The HCSC was created in 2004 to educate senior military officers and government officials on the wide range of challenges regarding the adaptation of the defense institutions at the national, Allied and European levels, such that they become better able to participate in the full spectrum of twenty-first century operations. The core rationale for the course is to ensure that the Baltic states’ armed forces will be able to make an effective contribution to meet today’s and tomorrow’s strategic challenges, and their respective leaderships will understand the requirement for, and will be ready to lead, major defense development programs. Over 160 students, representing more than thirty countries, have graduated from these courses. Many have since received important and demanding postings in their home countries or international organizations.
The aim of the HCSC is to educate military officers and government officials from the Baltic states, their allies and partners, for executive responsibilities at the strategic level. It will enable comprehension of the multifaceted actions necessary for the accomplishment of national and Allied strategic objectives, within an uncertain international environment. It will produce creative, proactive and agile commanders, policymakers and managers, capable of making sound, decisive and future-oriented strategic decisions.
The Supreme Allied Command Transformation (SACT) accredited the HCSC as a NATO course and included it in the NATO Course Catalogue in 2008. The SACT document states that the HCSC ‘is considered to be a very effective tool for the education and individual training of our alliance and partners (in particular, the multinational nature of the course)’. As a NATO-approved course, the HCSC has established its position alongside other courses at a similar level and is able to deliver added-value education to military and civilian students from the Baltic states, as well as their allies and partners. The BALTDEFCOL went through the process again in 2015 and now the HCSC is included into Education and Training Opportunities Catalogue (NATO).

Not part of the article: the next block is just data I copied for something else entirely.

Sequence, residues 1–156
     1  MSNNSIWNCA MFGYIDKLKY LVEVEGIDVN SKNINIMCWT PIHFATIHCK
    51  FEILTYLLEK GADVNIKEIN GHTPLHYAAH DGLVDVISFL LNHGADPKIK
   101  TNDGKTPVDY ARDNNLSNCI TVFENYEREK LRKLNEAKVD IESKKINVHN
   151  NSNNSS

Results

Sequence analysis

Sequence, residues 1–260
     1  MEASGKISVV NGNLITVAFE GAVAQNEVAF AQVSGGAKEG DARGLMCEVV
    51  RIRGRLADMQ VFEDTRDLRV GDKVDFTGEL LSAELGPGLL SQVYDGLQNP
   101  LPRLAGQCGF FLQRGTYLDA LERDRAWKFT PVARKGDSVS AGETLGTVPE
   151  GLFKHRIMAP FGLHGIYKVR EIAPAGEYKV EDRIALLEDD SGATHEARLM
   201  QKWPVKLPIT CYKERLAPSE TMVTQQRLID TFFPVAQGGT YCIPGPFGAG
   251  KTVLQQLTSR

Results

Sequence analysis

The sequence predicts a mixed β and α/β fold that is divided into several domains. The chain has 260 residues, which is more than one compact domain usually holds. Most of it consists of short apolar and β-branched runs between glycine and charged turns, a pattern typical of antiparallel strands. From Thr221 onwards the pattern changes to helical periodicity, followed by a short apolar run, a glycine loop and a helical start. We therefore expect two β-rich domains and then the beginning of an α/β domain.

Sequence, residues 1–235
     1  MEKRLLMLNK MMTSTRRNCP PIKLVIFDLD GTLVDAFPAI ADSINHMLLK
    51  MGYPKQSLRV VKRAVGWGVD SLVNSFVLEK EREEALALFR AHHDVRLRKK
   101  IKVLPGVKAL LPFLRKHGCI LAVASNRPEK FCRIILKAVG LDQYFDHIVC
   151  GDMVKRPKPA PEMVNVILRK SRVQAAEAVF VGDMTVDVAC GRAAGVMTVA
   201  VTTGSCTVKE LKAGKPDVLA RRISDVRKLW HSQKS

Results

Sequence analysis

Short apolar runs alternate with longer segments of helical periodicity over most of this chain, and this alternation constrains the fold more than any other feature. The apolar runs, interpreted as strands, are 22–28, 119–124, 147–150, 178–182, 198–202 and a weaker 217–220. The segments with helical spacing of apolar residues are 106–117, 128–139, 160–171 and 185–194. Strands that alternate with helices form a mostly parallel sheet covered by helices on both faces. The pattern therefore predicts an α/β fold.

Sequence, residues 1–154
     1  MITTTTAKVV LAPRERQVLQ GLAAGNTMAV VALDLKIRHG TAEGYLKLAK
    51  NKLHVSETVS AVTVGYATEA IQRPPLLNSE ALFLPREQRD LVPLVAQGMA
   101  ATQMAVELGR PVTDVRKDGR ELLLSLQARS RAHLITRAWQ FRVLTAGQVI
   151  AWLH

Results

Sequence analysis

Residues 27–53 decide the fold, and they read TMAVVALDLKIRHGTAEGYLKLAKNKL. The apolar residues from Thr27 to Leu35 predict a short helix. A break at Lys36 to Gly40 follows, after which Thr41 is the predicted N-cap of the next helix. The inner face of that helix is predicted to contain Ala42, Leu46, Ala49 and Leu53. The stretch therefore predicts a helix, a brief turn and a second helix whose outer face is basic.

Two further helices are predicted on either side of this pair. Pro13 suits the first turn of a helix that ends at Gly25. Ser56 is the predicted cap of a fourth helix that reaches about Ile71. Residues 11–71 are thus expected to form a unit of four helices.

The HCSC comprises six discrete and sequential core modules containing variety of curriculum activities. These activities are optimized for residential delivery and are designed to attain the desired level of learning in the applicable subject.
The delivery of education through the HCSC is organised around six key learning outcomes. By the end of the course, students should be able to:
Educational Approach – Stimulating Creative and Critical Thinking
The HCSC’s educational philosophy is predicated on a combined educational approach, including lectures, seminars and small group (syndicate) activities, to facilitate adult learning. Consequently, the primary responsibility for learning and achieving the specified learning outcomes is placed on the student. To help facilitate this, the HCSC – and the wider Baltic Defense College – aims to provide the best possible educational environment for learning to take place. Thus, active learning and the full participation and contribution of all students is heavily encouraged; this allows students to share their knowledge, experience and learning with others in an open and positive environment.
Prospective students should be Lieutenant Colonels / Colonels (Navy Commanders / Captains) who are considered at the time of their selection to possess the potential for promotion to the rank of General (Admiral), government officials from MoDs (or MFAs) with equivalent rank and potential, or academics with a demonstrated potential for promotion to high-level civil servant posts.
Military students should have graduated from a Joint Command and General Staff Course, or equivalent Course at officer education level 3. Civil servants and academics must have an appropriate academic profile (at minimum Master level or NDC, GCSP, etc.).
English language level should - as an absolute minimum - be 3333 according to NATO STANAG 6001. Students from NATO countries should hold a NATO Confidential security clearance; other students should hold a national confidential security clearance.
Students should also possess routine computer skills (Internet, MS Windows, MS Word, MS PowerPoint and MS Excel).
The college has so far conducted ten HCSCs. A total of 168 students, representing thirty-two states, have graduated from these courses. Many have since received important and demanding postings in their home countries or international organizations. Click here
Colonel, Lithuanian Army
Course Director HCSC